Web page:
Sunday, May 21, 2006

Priests who deceive.

"Light In The Loafers" - sorry, I made that up - I can't remember the title but this painting is also by Botero.

Around the feast of St. Catherine of Siena I wrote about having been told by a woman that Fr. Benedict Groeschl had told her that he thought St. Catherine may have been a lesbian. I wrote that I felt it was impossible for Fr. Groeschl to make such a statement. I mentioned how people who shop my Store will often ask if there are any saints who were gay and I tell them no. I explain that someone's so-called sexual orientation does not define them as a person. That God "created them, male and female" as the scripture teaches. Homosexuality is a disorder and God did not create homosexuality. Now some saints may have had this temptation just as they might have had other temptations of the flesh. We know in the life of Catherine the demons tempted her in many vile ways, as they did Anthony of Egypt, yet they were not defined by the temptations.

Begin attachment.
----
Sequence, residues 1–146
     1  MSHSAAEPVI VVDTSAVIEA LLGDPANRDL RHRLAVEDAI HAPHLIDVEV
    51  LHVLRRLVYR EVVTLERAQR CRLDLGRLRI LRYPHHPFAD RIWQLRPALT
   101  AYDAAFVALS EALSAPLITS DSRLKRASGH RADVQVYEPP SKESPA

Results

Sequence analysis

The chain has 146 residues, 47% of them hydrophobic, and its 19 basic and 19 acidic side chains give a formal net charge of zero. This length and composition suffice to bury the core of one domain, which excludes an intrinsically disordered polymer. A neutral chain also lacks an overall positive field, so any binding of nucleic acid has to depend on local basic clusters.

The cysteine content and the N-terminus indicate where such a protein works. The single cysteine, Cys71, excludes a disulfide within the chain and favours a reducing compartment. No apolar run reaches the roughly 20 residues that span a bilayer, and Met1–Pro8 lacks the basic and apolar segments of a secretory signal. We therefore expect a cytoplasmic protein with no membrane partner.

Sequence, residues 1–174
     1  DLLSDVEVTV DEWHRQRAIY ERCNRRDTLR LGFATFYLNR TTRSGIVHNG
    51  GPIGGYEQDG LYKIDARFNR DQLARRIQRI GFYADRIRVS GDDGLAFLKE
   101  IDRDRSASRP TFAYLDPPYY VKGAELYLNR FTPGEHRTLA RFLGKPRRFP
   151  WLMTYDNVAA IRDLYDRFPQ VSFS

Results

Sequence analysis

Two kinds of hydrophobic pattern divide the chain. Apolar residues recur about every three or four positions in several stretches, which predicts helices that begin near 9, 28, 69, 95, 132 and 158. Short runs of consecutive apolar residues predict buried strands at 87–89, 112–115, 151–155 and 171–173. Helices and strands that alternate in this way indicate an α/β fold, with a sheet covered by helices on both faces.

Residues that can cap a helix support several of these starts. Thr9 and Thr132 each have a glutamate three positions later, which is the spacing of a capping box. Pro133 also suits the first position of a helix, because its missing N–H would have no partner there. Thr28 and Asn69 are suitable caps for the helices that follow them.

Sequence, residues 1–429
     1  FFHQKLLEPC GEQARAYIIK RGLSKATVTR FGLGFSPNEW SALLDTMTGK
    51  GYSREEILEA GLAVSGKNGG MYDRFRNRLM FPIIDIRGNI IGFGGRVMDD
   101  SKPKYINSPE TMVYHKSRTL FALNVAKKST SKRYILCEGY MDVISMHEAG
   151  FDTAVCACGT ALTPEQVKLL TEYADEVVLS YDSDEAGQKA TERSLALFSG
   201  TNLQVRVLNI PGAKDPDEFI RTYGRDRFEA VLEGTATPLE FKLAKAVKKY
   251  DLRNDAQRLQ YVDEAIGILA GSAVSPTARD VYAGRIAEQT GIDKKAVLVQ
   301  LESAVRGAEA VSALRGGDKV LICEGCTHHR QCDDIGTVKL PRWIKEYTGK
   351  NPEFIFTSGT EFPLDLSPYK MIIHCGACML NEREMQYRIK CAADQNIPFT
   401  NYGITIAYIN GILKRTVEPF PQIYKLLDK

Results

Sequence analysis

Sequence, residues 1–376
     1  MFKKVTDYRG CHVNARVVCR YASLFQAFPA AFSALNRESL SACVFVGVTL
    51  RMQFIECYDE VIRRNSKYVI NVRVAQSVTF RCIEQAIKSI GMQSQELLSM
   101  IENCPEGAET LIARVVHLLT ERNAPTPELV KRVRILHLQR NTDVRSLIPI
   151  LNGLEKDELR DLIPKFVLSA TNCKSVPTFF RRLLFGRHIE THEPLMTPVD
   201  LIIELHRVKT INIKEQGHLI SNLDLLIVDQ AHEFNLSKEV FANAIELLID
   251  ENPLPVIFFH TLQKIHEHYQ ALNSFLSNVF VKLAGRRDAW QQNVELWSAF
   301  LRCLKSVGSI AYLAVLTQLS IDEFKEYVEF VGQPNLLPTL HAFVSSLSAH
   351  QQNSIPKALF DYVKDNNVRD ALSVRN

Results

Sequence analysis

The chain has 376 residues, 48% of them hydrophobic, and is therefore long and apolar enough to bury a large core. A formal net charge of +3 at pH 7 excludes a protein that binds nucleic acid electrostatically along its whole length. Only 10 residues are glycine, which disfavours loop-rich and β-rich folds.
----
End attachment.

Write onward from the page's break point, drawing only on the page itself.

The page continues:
I had a comment posted from a man who politely disagreed with me. He seemed to believe that the Congregation for the Doctrine of the Faith in their statement on homosexuality, after having declared it a disorder, and an intrinsic moral evil, also remained neutral on the orientation itself, only condemning homosexual activity. That is a misread or misinterpretation at best. On one level they're saying just because one may have this proclivity, this orientation, this temptation, does not constitute a state of sin. Acting upon it does however. Furthermore, the Church never has stated that this orientation is either neutral or good. It clearly states that the inclination itself must be understood as an "objective disorder", because "it is more or less a strong tendency toward an intrinsic moral evil." The homosexual lifestyle and subculture is never harmless or even good, nor can it be deemed an alternative lifestyle, much less equivalent to traditional marriage.